Wednesday 18th April at 7pm; Phoenix Theatre, Ross-on-Wye – Ticket £6
This is a history of offensive language, insulting gestures, insolent behaviour, brawling and scandal in the sixteenth and seventeenth centuries, with practical tips on just how to horrify the neighbours.
Every age and every social strata has its bad eggs, those who break all the rules and rub everyone up the wrong way. This is not a history of criminal behaviour as such, although some of the activities in this book shade into the legally dubious; rather, it is a study of the niggling, anti-social, irritating ways that people have kicked back against prevailing social mores. Drunkards, swashbucklers and harridans rub shoulders with people with disgusting table manners and neighbours whose dung heaps and noise drove others crazy.
Historian and popular TV presenter Ruth Goodman draws upon advice books and manuals, court cases and sermons, drama and imagery to outline bad behaviour from the gauche to the galling, the subtle to the outrageous. Ruth will explore the details of those behaviours, such as just how far apart your feet should be if you wish to mock a soldier or how to parody the walk of a preacher to the amusement of your friends and if you do blow your nose during dinner how to put everyone off their food.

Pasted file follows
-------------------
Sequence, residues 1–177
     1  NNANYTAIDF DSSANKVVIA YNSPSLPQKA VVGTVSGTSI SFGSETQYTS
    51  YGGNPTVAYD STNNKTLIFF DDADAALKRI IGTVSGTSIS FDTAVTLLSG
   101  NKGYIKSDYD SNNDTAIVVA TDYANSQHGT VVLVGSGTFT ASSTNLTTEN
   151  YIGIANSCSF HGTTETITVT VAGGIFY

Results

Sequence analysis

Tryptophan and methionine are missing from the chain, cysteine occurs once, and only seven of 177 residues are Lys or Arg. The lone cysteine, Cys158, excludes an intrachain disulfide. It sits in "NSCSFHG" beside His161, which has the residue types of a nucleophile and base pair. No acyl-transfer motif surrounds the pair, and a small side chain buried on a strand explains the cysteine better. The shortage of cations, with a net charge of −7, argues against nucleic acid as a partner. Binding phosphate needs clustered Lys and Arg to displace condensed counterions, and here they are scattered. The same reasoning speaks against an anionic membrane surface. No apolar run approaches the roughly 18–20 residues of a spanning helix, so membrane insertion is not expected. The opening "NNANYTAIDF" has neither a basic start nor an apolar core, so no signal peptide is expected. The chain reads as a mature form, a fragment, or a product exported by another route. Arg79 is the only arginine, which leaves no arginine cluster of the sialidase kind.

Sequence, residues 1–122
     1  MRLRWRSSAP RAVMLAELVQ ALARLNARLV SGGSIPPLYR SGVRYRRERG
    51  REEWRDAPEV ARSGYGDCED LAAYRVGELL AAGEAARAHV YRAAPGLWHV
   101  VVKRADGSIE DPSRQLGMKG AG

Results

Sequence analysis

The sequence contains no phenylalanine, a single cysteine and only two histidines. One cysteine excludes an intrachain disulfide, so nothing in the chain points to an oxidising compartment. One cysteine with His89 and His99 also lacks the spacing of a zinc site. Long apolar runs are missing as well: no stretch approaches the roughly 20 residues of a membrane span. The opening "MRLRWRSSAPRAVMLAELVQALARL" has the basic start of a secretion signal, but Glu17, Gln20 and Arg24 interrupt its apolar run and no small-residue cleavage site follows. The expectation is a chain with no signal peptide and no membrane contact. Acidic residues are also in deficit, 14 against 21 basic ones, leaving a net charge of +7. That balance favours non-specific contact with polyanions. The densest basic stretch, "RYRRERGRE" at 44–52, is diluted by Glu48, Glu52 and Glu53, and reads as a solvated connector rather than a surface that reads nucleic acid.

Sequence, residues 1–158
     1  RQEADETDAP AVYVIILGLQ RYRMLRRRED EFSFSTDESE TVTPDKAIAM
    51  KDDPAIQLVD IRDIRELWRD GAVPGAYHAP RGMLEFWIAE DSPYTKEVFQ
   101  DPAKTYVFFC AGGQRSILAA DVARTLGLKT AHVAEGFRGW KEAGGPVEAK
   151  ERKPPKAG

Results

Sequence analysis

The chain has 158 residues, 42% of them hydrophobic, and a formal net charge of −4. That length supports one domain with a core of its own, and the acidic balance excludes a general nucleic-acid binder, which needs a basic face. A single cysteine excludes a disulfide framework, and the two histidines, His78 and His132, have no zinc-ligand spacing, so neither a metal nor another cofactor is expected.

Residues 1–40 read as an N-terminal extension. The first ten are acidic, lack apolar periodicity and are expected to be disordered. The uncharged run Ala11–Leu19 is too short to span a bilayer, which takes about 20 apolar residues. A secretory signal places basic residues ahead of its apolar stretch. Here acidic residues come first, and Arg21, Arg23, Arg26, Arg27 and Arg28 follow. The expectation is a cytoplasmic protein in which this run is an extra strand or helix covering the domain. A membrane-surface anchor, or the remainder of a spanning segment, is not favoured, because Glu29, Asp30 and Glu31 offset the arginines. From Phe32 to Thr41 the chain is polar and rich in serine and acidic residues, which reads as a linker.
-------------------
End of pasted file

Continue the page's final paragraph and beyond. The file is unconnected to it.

Ruth Goodman is a social historian and has presented a number of BBC series, including Victorian Farm, Wartime Farm, Tudor Monastery Farm and, most recently, Full Steam Ahead. She is also a regular expert presenter on The One Show. As well as the books accompanying her many series, she has written the critically acclaimed How to be a Victorian and How to be a Tudor.